Green Party of Georgia et al v. State of Georgia et al, No. 1:2012cv01822 - Document 14 (N.D. Ga. 2013)

Court Description: ORDER denying Plaintiffs' 12 Motion for Reconsideration. Plaintiffs offer no basis for reconsidering the Court's previous ruling in this case. Signed by Judge Richard W. Story on 3/19/13. (cem)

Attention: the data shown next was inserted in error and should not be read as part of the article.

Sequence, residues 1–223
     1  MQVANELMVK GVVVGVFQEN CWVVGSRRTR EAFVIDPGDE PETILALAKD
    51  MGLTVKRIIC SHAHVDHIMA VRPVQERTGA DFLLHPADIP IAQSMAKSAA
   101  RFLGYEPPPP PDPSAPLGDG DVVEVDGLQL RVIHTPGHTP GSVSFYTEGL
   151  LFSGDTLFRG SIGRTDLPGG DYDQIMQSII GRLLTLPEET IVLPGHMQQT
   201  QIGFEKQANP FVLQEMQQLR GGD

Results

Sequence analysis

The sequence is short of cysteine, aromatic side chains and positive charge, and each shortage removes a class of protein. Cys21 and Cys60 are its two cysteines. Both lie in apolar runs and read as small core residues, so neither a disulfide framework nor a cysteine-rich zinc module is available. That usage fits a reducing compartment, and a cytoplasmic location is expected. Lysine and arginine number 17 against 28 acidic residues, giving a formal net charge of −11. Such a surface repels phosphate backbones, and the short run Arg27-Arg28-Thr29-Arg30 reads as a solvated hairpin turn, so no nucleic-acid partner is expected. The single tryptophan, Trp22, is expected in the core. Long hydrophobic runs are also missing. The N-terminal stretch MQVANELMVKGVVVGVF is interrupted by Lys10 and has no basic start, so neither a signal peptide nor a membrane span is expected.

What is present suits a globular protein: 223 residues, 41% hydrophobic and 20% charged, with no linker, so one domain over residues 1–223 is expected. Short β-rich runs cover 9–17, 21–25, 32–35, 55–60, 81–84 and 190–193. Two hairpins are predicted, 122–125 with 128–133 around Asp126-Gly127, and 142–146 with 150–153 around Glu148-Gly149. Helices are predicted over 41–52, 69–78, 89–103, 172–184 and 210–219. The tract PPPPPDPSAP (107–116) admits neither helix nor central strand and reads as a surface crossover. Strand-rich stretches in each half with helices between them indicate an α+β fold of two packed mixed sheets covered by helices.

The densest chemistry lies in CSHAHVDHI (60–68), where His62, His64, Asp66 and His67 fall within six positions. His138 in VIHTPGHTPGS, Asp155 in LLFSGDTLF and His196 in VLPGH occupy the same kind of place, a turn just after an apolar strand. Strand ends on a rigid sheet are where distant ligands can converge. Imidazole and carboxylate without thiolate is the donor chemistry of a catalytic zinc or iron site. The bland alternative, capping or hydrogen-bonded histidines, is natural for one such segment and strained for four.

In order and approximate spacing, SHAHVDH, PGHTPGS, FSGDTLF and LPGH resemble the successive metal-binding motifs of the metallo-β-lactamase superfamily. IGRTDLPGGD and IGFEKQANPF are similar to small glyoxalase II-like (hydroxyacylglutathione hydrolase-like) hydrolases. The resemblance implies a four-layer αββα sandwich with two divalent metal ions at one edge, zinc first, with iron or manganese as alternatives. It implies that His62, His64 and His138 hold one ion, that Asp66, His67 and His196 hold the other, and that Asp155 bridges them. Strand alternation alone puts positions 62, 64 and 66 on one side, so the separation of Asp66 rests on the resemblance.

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Green Party of Georgia et al v. State of Georgia et al Doc. 14 IN THE UNITED STATES DISTRICT COURT FOR THE NORTHERN DISTRICT OF GEORGIA ATLANTA DIVISION GREEN PARTY OF GEORGIA and CONSTITUTION PARTY OF GEORGIA, Plaintiffs, v. STATE OF GEORGIA and BRIAN KEMP, Georgia Secretary of State, Defendants. : : : : : : : : : : : : CIVIL ACTION NO. 1:12-CV-01822-RWS ORDER This case is before the Court on Plaintiffs’ Motion for Reconsideration [12]. After a review of the record, the Court enters the following Order. Background In its July 17, 2012 Order, the Court granted Defendants’ Motion to Dismiss [4]. (Order on Defs.’ Mot. to Dismiss dated July 17, 2012 (“Order”) Dkt. [10].) The Court found that Plaintiffs, in their action seeking a declaration that the petition requirements under O.C.G.A. § 21-2-170 are unconstitutional and an order placing Plaintiffs on the 2012 presidential ballot in Georgia, failed to state a claim upon which relief may be granted. (Id.) In their Complaint, AO 72A (Rev.8/82) Dockets.Justia.com Plaintiffs assert that each is a political organization or “body” registered under O.C.G.A. § 21-2-110 and § 21-2-113 “desiring to be a qualified party for the purposes of having its candidate put on the 2012 Presidential Ballot in Georgia” and that each “meets all the statutory requirements to place its presidential candidate on the ballot except for the petition requirements of O.C.G.A. § 21-2170.” (Compl., Dkt. [1] ¶ 3.) Section 21-2-170(b) requires that “[a] nomination petition of a candidate seeking an office which is voted upon statewide shall be signed by a number of voters equal to 1 percent of the total number of registered voters eligible to vote in the last election for the filling of the office the candidate is seeking. . . .” In their Complaint, Plaintiffs allege that “[t]hese signature requirements are in excess of those that satisfy constitutional standards and unduly infringe upon the constitutional rights of the Plaintiffs to participate in the electoral process.” (Compl., Dkt. [1] ¶ 18.) Defendants moved to dismiss the case pursuant to Federal Rule of Civil Procedure 12(b)(6). (Defs.’ Mot. to Dismiss, Dkt. [4].) In its Order granting Defendants’ Motion to Dismiss, the Court found that Plaintiffs failed to state a claim upon which relief may be granted, because “the requirement that a petition contain 1 percent of the registered voters would not be unconstitutional.” (Order, Dkt. [10] at 4.) Plaintiffs now seek 2 AO 72A (Rev.8/82) reconsideration of the Court’s judgment in favor of Defendants. (Pls.’ Mot. for Recons., Dkt. [12].) Discussion I. Legal Standard Under the Local Rules of this Court, “[m]otions for reconsideration shall not be filed as a matter of routine practice[,]” but only when “absolutely necessary.” LR 7.2(E). Such absolute necessity arises where there is “(1) newly discovered evidence; (2) an intervening development or change in controlling law; or (3) a need to correct a clear error of law or fact.” Bryan v. Murphy, 246 F. Supp. 2d 1256, 1258-59 (N.D. Ga. 2003). A motion for reconsideration may not be used “to present the court with arguments already heard and dismissed or to repackage familiar arguments to test whether the court will change its mind.” Id. at 1259. Nor may it be used “to offer new legal theories or evidence that could have been presented in conjunction with the previously filed motion or response, unless a reason is given for failing to raise the issue at an earlier stage in the litigation.” Adler v. Wallace Computer Servs., Inc., 202 F.R.D. 666, 675 (N.D. Ga. 2001). Finally, “[a] motion for reconsideration is not an opportunity for the moving party . . . to instruct the court on how the court ‘could have done it better’ the first time.” Pres. 3 AO 72A (Rev.8/82) Endangered Areas of Cobb’s History, Inc. v. U.S. Army Corps of Eng’rs, 916 F. Supp. 1557, 1560 (N.D. Ga. 1995), aff’d, 87 F.3d 1242 (11th Cir. 1996). II. Discussion 1. Newly discovered evidence Bryan allows for reconsideration where there is “newly discovered evidence.” 246 F. Supp. 2d at 1258-59. This basis for reconsideration does not apply here because Plaintiffs do not allege that any new evidence has come to light. 2. Intervening development or change in controlling law The second avenue for reconsideration under Bryan also does not apply in this case. Plaintiffs have not shown any intervening development or change in controlling law. Instead, Plaintiffs assert that the Court “overlooked” Green Party of Tennessee v. Hargett, 882 F.Supp. 2d 959 (M.D. Tenn. 2012), rev’d, 700 F.3d 816 (6th Cir. 2012). (Pls.’ Mot. for Recons., Dkt. [12] at 4.) The Middle District of Tennessee’s decision in Green Party of Tennessee is neither “an intervening development or change” nor “controlling law.” As an initial matter, Green Party of Tennessee does not constitute “an intervening development or change” in the law. Plaintiffs first cited Green Party of Tennessee in their Brief in Response to Defendants’ Motion to Dismiss 4 AO 72A (Rev.8/82) (“Plaintiffs’ Response Brief”). (Dkt. [5] at 9.) Plaintiffs cite the very same decision again in their Motion for Reconsideration. (Dkt. [12] ¶ 5, at 4 of 11; Pls.’ Brief in Support of Mot. for Reconsideration, Dkt. [12] at 9-10 of 11.) “[M]otions for reconsideration may not be used to present the court with arguments already heard and dismissed or to repackage familiar arguments to test whether the court will change its mind.” Bryan, 246 F. Supp. 2d at 1259 (quoting Brogdon ex rel. Cline v. Nat'l Healthcare Corp., 103 F. Supp. 2d 1322, 1338 (N.D.Ga. 2000)). Plaintiffs have already presented their argument relying on Green Party of Tennessee. The Court has already considered it and found it to be unavailing.1 Additionally, Green Party of Tennessee is not “controlling law.” “A decision of a federal district court judge is not binding precedent in either a different judicial district, the same judicial district, or even upon the same judge in a different case.” Camreta v. Greene, 131 S. Ct. 2020, 2036 n. 7 (2011) 1 Plaintiffs filed a “Notice of Supplemental Authority on Plaintiffs’ Motion for Reconsideration” to “bring the Court’s attention” to the Court of Appeals for the Sixth Circuit’s Order on the State of Tennessee’s motion for a partial stay pending appeal. (Dkt. [13].) However, the Sixth Circuit order cited by Plaintiffs does not discuss the signature percentage requirement, but instead addresses portions of the district court’s judgment requiring the state (1) to place minor political parties’ names next to their respective candidates on the ballot, and (2) to conduct a random drawing to determine the position of each political party on the ballot. Green Party of Tennessee v. Hargett, No. 12-5271, 2012 WL 3241679 at *1 (6th Cir. Aug. 9, 2012) (per curiam). 5 AO 72A (Rev.8/82) (quoting 18 J. Moore et al., Moore's Federal Practice § 134.02[1] [d], p. 134-26 (3d ed. 2011)). Accordingly, this Court was never bound by the district court’s decision in Green Party of Tennessee. Therefore, the Court finds that this argument does not warrant reconsideration of Plaintiffs’ claims.2 Second, Plaintiffs advance an argument relying on Bergland v. Harris, 767 F.2d 1551 (11th Cir. 1985). “Obviously,” assert Plaintiffs, “the Court did not even acknowledge, much less address[,] any of the factors mandated by Bergland v. Harris.” (Pls.’ Mot. for Recons., Dkt. [12] ¶ 5 at 4 of 11.) The Court notes, however, that Plaintiffs did not cite to Bergland in any of their prior filings. “[A] reconsideration motion may not be used to offer new legal theories or evidence that could have been presented in conjunction with the previously filed motion or response, unless a reason is given for failing to raise the issue at an earlier stage in the litigation.” Adler v. Wallace Computer Servs., 2 Furthermore, the Court notes that the district court’s decision in Green Party of Tennessee relied upon by Plaintiffs was reversed and remanded by the Court of Appeals for the Sixth Circuit. Green Party of Tennessee v. Hargett, 700 F.3d 816 (6th Cir. 2012). While the underlying Tennessee statute considered by the district court had since been amended, the Court of Appeals instructed the district court upon remand to “take into account that the 2.5% signature requirement, standing alone, is not unconstitutional on its face.” Id. at 824 (citing Am. Party of Texas v. White, 415 U.S. 767, 789 (1974); Jenness v. Fortson, 403 U.S. 431 (1971)). Accordingly, even if Green Party of Tennessee v. Hargett were binding upon this Court, this Court’s Order is in line with the Sixth Circuit’s decision. 6 AO 72A (Rev.8/82) Inc., 202 F.R.D. 666, 675 (N.D.Ga. 2001) (citing O'Neal v. Kennamer, 958 F.2d 1044, 1047 (11th Cir.1992)). In Bergland, a decision handed down over twenty-five years ago (i.e., not “new” law), the Eleventh Circuit applied a threepart analysis for state statutes restricting ballot access set forth by the Supreme Court in Anderson v. Celebrezze, 460 U.S. 780 (1983). 767 F.2d at 1553. Because Plaintiffs give no reason why they failed to raise an argument based on Bergland prior to this Motion, and because Bergland is not an intervening development in controlling law, this is also not a proper basis for reconsideration. 3. Error of law or fact Plaintiffs primarily rely on the third prong under Bryan, which provides that reconsideration is necessary where there is “a need to correct a clear error of law or fact.” 246 F. Supp. 2d at 1259. Plaintiffs assert that the Court (1) committed clear error, and (2) “ignored and misconstrued . . . binding precedents.” (Pls.’ Mot. for Recons., Dkt. [12] ¶ 5, at 3 of 11.) The Court finds, however, that Plaintiffs do not sufficiently allege clear error, and that this request for reconsideration is an effort to reargue issues previously raised and decided by the Court. 7 AO 72A (Rev.8/82) First, Plaintiffs do not sufficiently allege clear error in their assertion that the Court “did not address the issue presented by this case.” (Pls.’ Mot. for Reconsideration, Dkt. [12] ¶ 2). In its previous Order, the Court relied on Supreme Court and Eleventh Circuit precedent in Jenness v. Fortson, 403 U.S. 431 (1971); Cartwright v. Barnes, 304 F.3d 1138 (11th Cir. 2002); and Coffield v. Kemp, 599 F.3d 1276 (11th Cir. 2010) to conclude that Georgia’s ballot petition requirements were not unconstitutional. Plaintiffs, however, argue that the Court “relied mainly on three cases that are inapposite” and that instead of addressing the issue of “access to the Presidential ballot,” the Court “addressed an issue . . . of access to state and congressional races.” (Pls.’ Mot. for Reconsideration, Dkt. [12] ¶ 2.) Because Jenness, Cartwright, and Coffield interpreted the same provision of the Georgia code challenged by Plaintiffs, they are not “inapposite.” O.C.G.A. § 21-2-170(b)—and its predecessor, Ga. Code Ann. § 34-1010—applies to candidates seeking any office which is voted upon statewide, including state and federal offices. While Jenness, Cartwright, and Coffield were not suits brought by presidential candidates, the Court finds that these decisions still control in this case and support the Court’s holding. 8 AO 72A (Rev.8/82) In Jenness, the Supreme Court considered a Georgia law that required “a candidate for elective public office who does not enter and win a political party's primary election” to “file a nominating petition signed by at least 5% of the number of registered voters at the last general election for the office in question.” 403 U.S. 431, 432 (1971) (citing Ga. Code Ann. § 34-1010 (1970)). While the petitioners in Jenness were seeking gubernatorial and congressional office, not presidential, the Jenness Court considered the Georgia law in light of its prior decision in Williams v. Rhodes, 393 U.S. 23 (1968), which invalidated Ohio election laws “insofar as in combination they made it virtually impossible for a new political party, even though it ha[d] hundreds of thousands of members, or an old party, which ha[d] a very small number of members, to be placed on the state ballot in the 1968 presidential election.” Jenness, 403 U.S. at 434-35. The Jenness Court distinguished Georgia’s statutory scheme from Ohio’s, holding that the Georgia provision was constitutional. Id. at 438. Additionally, the Court noted that: The open quality of the Georgia system is far from merely theoretical. For the stipulation of facts in this record informs us that a candidate for Governor in 1966 and a candidate for President in 1968 gained ballot designation by nominating petitions, and each went on to win a plurality of the votes cast at the general election. 9 AO 72A (Rev.8/82) Id. at 439. In other words, the Jenness Court did not distinguish between gubernatorial, congressional and presidential candidates in its analysis and ultimate approval of the Georgia law. In Cartwright, the Eleventh Circuit considered a challenge to O.C.G.A. §21-2-170(b) brought by members of the Libertarian party who wished to run for congressional office. 304 F.3d 1138, 1139 (11th Cir. 2002). The court concluded that the 5% signature requirement required for non-statewide office did not violate the Qualifications Clause nor “any other constitutional provision.” Id. While Cartwright did not involve a presidential candidate, neither did it indicate that the provision would be unconstitutional in the presidential context. In fact, the Cartwright court relied on the Supreme Court’s reasoning in Jenness: The fact is, of course, that from the point of view of one who aspires to elective public office in Georgia, alternative routes are available to getting his name printed on the ballot. He may enter the primary of a political party, or he may circulate nominating petitions either as an independent candidate or under the sponsorship of a political organization. We cannot see how Georgia has violated the Equal Protection Clause of the Fourteenth Amendment by making available these two alternative paths, neither of which can be assumed to be inherently more burdensome than the other.” Id. at 1141-42 (quoting Jenness, 403 U.S. at 440-41). Again, there was no distinction made between “elective public offices” in the court’s analysis. 10 AO 72A (Rev.8/82) Recently, in Coffield, the Eleventh Circuit once more denied a challenge to O.C.G.A. §21-2-170(b) brought by a prospective congressional candidate. The Coffield court held that the district court did not err in dismissing the plaintiff’s complaint and that “the pertinent laws of Georgia have not changed materially since the decisions in Jenness and Cartwright were made.” Id. at 1277. In short, Jenness, Cartwright and Coffield are good law, are binding on this Court, and are directly applicable to Plaintiffs’ claims. The Court finds that Plaintiffs’ attempt to distinguish these cases on the grounds that they were brought by non-presidential candidates is unpersuasive. The legal analysis in these cases – the relevant part here – did not vary based on the office sought by the challengers. Consequently, Plaintiffs’ assertion that these cases are “inapposite” is inaccurate and does not provide a sufficient basis for reconsideration.3 3 Further, Defendants relied on Jenness, Cartwright, and Coffield in their Memorandum of Law in support of Defendants’ Motion to Dismiss. (Dkt. [4-1] at 67). Plaintiffs had the opportunity to respond to these arguments but chose not to in their Response to Defendants’ Motion to Dismiss. (See Dkt. [5]). “Motions for reconsideration should not be used to raise legal arguments which could and should have been made before the judgment was issued.” Lockard v. Equifax, Inc., 163 F.3d 1259, 1267 (11th Cir. 1998) (citing O'Neal, 958 F.2d at 1047). Plaintiffs have not provided a reason why they failed to respond to Defendants’ arguments before this Court issued its Order. 11 AO 72A (Rev.8/82) Next, Plaintiffs allege that the Court erred in not “acknowledging” or “addressing” the “controlling precedent” provided by American Party of Texas v. White, 415 U.S. 767 (1974); Anderson, 460 U.S. 780; and Bergland, 767 F.2d 1551. Plaintiffs’ failure to raise Bergland in their earlier pleadings is discussed supra Part II.2. Plaintiffs did, however, raise arguments based on American Party of Texas and Anderson in their prior submissions to the Court. (See Pls.’ Resp. to Defs.’ Mot. To Dismiss, Dkt. [5] at 2, 5-7, 9 of 11.) The Court found Plaintiffs’ arguments unavailing then and finds no grounds for reversing its interpretation now. Plaintiffs’ cited authorities provide no support for a finding that Georgia’s signature requirement is unconstitutional. In American Party of Texas, the Supreme Court recognized that “any fixed percentage requirement is necessarily arbitrary,” but held that requiring signatures of 1% of the vote for governor at the last general election “falls within the outer boundaries of support the State may require before according political parties ballot position.” 415 U.S. at 783. The Court stated that a state may “insist that political parties appearing on the general ballot demonstrate a significant, measurable quantum of community support.” Id. at 782. Furthermore, the Court reaffirmed its finding in Jenness that “there is surely an important state interest . . . in 12 AO 72A (Rev.8/82) avoiding confusion, deception, and even frustration of the democratic process at the general election.” Id. at n. 14 (quoting Jenness, 403 U.S. at 442). Accordingly, American Party of Texas directly supports this Court’s finding that Georgia’s requirement that a petition contain one percent of registered voters’ signatures would not be unconstitutional. Plaintiffs’ reliance on Anderson is also misplaced. In Anderson, the Supreme Court held unconstitutional an Ohio statute that required independent candidates for president to declare their candidacy in March “without mandating comparable action by the nominee of a political party.” 460 U.S. at 783, 806. The Court held that the “extent and nature” of the burdens imposed on the “voters’ freedom of choice and freedom of association” outweighed Ohio’s “minimal interest in imposing a March deadline.”4 Id. at 806. The Court acknowledged, however, that “not all restrictions imposed by the States on candidates’ eligibility for the ballot impose constitutionally-suspect burdens,” and that “there must be a substantial regulation of elections if they are to be fair and honest and if some sort of order, rather than chaos, is to accompany the democratic processes.” Id. at 788 (quoting Storer v. Brown, 415 4 The Court notes that the comparable Georgia statutory provision, O.C.G.A. §21-2-132(i)(2)(A), allows a political body or independent candidate to file notice of candidacy as late as July. 13 AO 72A (Rev.8/82) U.S. 724, 730 (1974)). The Anderson Court further stated that “the state’s important regulatory interests are generally sufficient to justify reasonable, nondiscriminatory restrictions,” such as the requirement that candidates “make a preliminary showing of substantial support in order to qualify for a place on the ballot.” Id. at 788, 788 n. 9 (citing American Party of Texas, 415 U.S. 767); Jenness, 403 U.S. 431). Therefore, Anderson, like American Party of Texas, supports this Court’s decision. In sum, Plaintiffs have pointed to no clear error of law meriting reconsideration of the Court’s initial judgment. Conclusion Other than mere disagreement with the ultimate result, Plaintiffs offer no basis for reconsidering the Court’s previous ruling in this case. Based on the foregoing, Plaintiffs’ Motion for Reconsideration [12] is DENIED. SO ORDERED, this 19th day of March, 2013. _______________________________ RICHARD W. STORY UNITED STATES DISTRICT JUDGE 14 AO 72A (Rev.8/82)